If you started a new tourism destination from scratch, would you invest your limited resources in a brick-and-mortar visitor centre?
It’s common practice to operate one; according to one study, eight out of ten destination marketing organizations (DMOs) have an official info centre. These visitor centres can evoke civic pride when locals provide top-notch hospitality and valuable services to travellers. This makes some people reluctant to change. Why break a trusted model? Every destination needs its visitors to have positive experiences, and a well-managed visitor centre is one way to make that happen.
But the assumption that every destination needs a physical, permanent visitor centre is a destination marketing idea that needs to die.
Just because you built it, doesn’t mean your visitors still need it.
To effectively match visitor services with visitor needs, destinations need a process to align destination strategy with visitor behaviour and the customer journey.
Visitor behaviour has fundamentally changed.
As visitors use mobile technology to access information, some destination marketing organizations (DMOs) are rethinking the way they provide visitor servicing. In 2017, VisitScotland announced the closure of 39 of its 56 visitor centres after measuring a ten-year “decline in the number of tourists visiting their information centres, amounting to a 58% drop in footfall.” But Scotland has been outpacing the rest of the U.K. in visitor growth for six straight years. Where are today’s visitors getting the services they need?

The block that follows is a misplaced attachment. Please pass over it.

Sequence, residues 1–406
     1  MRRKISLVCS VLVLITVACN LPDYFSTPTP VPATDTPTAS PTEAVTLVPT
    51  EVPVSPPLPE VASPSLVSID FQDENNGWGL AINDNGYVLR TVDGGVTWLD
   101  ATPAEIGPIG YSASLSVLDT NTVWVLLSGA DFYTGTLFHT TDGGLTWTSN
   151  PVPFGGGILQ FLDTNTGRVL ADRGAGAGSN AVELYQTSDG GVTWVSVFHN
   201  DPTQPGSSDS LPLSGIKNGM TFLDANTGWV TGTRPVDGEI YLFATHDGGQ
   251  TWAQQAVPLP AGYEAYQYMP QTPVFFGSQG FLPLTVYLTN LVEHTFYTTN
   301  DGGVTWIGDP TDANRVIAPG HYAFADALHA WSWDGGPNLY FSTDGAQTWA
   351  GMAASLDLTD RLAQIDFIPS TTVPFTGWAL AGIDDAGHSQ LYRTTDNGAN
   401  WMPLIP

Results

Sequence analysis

Not so long ago, visitor centres provided information, maps and travel advice that were in short supply elsewhere, filling a vital need for trip planning after arrival.
Today, smartphones are filling the information gap more thoroughly and conveniently than visitor centres can. The mobile internet has dramatically changed the way visitors plan their trips, and today, many visitors are finding that support online, anywhere they go.
Visitors servicing needs will vary from one destination to the next, says Destination Think’s Chief Strategist William Bakker, but there is an overarching trend at work. He sums it up this way:
“In the past, people proactively sought out the visitor centre. Now, if visitors happen to find one, they will probably wander in – why not? But they no longer see it as a must-do as soon as they arrive. That’s a fundamental change.”
Destination Think has been working on a number of projects around the world to help destinations review and reimagine their visitor servicing to align with their destination strategy and respond to the needs within the customer journey. Our process reveals perceptions and expectations of the local tourism industry and modern travellers, within the context of today’s visitor servicing trends.
Our Chief Strategist urges DMOs to address the fundamental issues by understanding how visitor servicing supports both business objectives (“What value does our visitor centre provide?”) and visitor needs (“If we didn’t have a visitor centre, would we serve our visitors less effectively?”).